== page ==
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- Somehow, a victory has more meaning when it is won by the force of your own arms, the ingenuity of your own brain! This battle I shall remember for many years to come!
- -- Thor
Appearing in "The Day of the Destroyer!"Edit
Synopsis for "The Day of the Destroyer!"Edit
Continued from last issue....
Thor is spared from a death dealing bolt of mystic energy fired by the Destroyer when he suddenly becomes briefly immaterial, allowing the God of Thunder to escape his attacker. Thor is completely unaware that this has been done by his step-brother Loki, who although imprisoned in a cell in Asgard, has entered into a mystical trance to save Thor from destruction in order to prevent the discovery of his cheating in the "Trial of the Gods." Reviving from his coma when being checked upon by his guards, Loki seeks additional help and channels his mystical powers to try and contact the kingdom of the Norns.
Back on Earth meanwhile, Thor continues his escape from the Destroyer, which relentlessly continues its attempts to destroy Thor. Thor gains an advantage when he doubles back to the room where the body of the man who's soul inhabits the Destroyer and takes hold of it. The Destroyer is about to use it's disintegration ray but hesitates, knowing that if he was to destroy his human body he would be trapped in the Destroyer armour forever.
Back in Asgard, Loki manages to communicate with Karnilla the Norn Queen whom he asks to aid him in rousing Odin from the Odinsleep. Karnilla is convinced and she uses her mystical powers to rise Odin from his rest, and the All-Father instantly knows that Thor is in trouble and contacts him to tell him that he will return the Destroyer's soul back to his body. Caught in a stalemate, the Destroyer complies and his soul is returned to his body. However, the man knowing full well that Thor cannot harm a human being makes another attempt to possess the Destroyer armour. However, Thor causes the temple to collapse and carries his would-be killer to safety. With the temple destroyed, Thor presumes that he Destroyer armour is lost to anyone who might exploit it's destructive power.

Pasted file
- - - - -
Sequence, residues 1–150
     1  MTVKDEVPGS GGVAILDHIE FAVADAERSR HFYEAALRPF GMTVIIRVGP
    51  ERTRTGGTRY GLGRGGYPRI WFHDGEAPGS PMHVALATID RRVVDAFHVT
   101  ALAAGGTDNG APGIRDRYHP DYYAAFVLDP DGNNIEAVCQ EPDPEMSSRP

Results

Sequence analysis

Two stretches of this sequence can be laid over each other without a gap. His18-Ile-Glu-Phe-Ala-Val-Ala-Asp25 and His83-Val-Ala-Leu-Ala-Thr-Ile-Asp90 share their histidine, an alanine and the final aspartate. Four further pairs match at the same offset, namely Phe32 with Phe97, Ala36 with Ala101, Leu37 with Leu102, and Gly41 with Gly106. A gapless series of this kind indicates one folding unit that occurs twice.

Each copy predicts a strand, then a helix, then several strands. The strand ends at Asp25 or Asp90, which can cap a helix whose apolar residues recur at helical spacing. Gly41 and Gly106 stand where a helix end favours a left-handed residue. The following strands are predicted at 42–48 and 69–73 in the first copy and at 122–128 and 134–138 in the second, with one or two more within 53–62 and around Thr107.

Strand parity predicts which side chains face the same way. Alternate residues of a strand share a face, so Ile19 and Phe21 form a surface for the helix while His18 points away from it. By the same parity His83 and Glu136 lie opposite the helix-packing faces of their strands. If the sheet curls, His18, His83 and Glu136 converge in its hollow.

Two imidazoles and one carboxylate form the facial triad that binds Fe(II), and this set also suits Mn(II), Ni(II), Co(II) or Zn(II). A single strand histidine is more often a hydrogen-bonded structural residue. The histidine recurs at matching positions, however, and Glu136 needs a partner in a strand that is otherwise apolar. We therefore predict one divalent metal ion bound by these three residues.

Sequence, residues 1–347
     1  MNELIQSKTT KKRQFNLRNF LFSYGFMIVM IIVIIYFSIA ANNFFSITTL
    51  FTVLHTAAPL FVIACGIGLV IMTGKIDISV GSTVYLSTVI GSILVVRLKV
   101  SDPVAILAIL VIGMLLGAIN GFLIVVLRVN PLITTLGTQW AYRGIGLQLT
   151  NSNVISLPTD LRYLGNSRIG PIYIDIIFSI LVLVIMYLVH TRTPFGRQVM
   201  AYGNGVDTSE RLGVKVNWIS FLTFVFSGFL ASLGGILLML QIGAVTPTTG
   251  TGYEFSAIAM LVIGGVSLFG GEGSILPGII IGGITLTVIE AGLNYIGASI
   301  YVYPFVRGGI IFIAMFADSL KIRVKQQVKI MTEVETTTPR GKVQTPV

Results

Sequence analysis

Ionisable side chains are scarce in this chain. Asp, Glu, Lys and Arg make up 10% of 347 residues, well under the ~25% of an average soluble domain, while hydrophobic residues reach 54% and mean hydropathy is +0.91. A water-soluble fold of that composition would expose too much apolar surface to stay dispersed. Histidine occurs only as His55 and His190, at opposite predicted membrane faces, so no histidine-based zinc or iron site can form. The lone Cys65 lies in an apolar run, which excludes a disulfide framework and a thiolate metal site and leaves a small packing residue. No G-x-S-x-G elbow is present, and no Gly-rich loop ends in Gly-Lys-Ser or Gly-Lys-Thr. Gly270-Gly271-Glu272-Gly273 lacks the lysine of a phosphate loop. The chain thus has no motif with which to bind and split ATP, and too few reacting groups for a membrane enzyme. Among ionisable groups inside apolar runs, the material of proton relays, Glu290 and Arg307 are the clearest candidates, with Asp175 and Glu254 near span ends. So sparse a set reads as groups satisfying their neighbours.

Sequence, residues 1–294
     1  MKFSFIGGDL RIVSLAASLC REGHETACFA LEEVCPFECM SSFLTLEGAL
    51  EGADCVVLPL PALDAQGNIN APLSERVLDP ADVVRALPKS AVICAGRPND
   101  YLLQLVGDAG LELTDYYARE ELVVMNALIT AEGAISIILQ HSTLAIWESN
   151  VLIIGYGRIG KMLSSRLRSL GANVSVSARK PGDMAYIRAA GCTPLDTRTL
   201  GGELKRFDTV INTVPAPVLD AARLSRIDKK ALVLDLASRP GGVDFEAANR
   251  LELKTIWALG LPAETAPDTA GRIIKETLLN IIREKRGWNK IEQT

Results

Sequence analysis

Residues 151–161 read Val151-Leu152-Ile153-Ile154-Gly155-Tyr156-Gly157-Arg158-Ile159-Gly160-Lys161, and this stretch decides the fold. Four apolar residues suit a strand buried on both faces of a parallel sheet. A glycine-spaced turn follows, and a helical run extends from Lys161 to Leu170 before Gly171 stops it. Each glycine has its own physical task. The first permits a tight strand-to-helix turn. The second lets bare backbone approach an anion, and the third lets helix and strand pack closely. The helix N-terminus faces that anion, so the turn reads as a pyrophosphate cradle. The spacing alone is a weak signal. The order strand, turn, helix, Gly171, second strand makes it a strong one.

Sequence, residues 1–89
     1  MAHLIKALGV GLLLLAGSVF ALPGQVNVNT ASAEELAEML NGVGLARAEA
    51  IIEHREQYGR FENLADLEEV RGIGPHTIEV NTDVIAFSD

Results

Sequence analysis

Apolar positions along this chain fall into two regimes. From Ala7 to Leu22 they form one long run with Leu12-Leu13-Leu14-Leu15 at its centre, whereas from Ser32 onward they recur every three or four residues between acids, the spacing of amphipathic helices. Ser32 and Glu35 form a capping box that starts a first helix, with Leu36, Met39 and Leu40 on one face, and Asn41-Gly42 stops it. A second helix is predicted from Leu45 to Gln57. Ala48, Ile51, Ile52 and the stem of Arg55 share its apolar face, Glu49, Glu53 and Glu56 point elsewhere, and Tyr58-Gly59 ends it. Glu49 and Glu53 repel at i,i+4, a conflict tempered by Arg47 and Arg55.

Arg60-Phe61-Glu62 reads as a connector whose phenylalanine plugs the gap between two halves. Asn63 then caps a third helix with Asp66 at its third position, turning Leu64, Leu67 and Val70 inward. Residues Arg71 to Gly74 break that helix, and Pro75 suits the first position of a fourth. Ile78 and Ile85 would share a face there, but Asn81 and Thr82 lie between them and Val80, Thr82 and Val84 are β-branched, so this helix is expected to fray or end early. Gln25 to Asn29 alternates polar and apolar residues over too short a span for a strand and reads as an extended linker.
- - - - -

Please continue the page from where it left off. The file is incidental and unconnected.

With the threat of the Destroyer ended, Odin correctly suspects Loki's treachery and punishes him to work under Ularic, the royal Warlock until further notice. Although Loki complies with this command, he vows to get revenge and begins thinking of new schemes to get revenge against Thor.
While back on Earth, Thor lets the explorer who nearly killed him go free, and tries to use his hammer to fly back to America but finds that his hammer has been damaged in the battle. Needing to access a forge to fix his damaged weapon, Thor uses one of the Norn Stones that he had collected to levitate himself back to the States. While back on Asgard, Loki is working under Ularic, where he quietly feels nothing but indignation for being treated as a mere wizards apprentice and continues to plot his revenge.
This story is continued next issue....
Appearing in "Tales of Asgard Home of the Mighty Norse Gods!: Gather, Warriors!"Edit
- Warriors Three (First appearance)
- Odinship (First appearance)
Synopsis for "Tales of Asgard Home of the Mighty Norse Gods!: Gather, Warriors!"Edit
Continued from last issue...
With all the preparations met, Thor and Loki begin to sail on their quest to learn and stop whatever is causing the Oversword to crack. Among the crew are Balder, as well as the "Warriors Three": The grim warrior Hogun, the dashing Fandral, and the voluminous Volstagg.
Volstagg's braggart nature causes the other ships crew members to attack him, leaving Thor to come to the rescue of the fat ones aid. After the fight is broken up, the obviously outmatched and cowardly Volstagg compensates for his poor fighting skills by bragging about his apparent battle prowess.
Back in Asgard things are much grimmer, as Odin calls forth his most trusted advisors to show them a message that has appeared on the Royal Wall. Removing a curtain, Odin reveals the message which reads "Ragnarok is Coming" and tells all present to begin praying, otherwise Asgard is doomed.
This story is continued next issue...
- credits for Story 1:
- Who But Stan Lee Could Have Written This Tale?
- Who But Jack Kirby Could Have Drawn It?
- Who But Vince Colletta Could Have Inked It?
- Who But Artie Simek Could Be Called Artie Simek?
- credits for Story 2:
- Written With Gallantry By Stan Lee
- Drawn With Greatness By Jack Kirby
- Inked With Grandeur By Vince Colletta
- Lettered With A Straight Face By Artie Simek
- No trivia.
Links and ReferencesEdit
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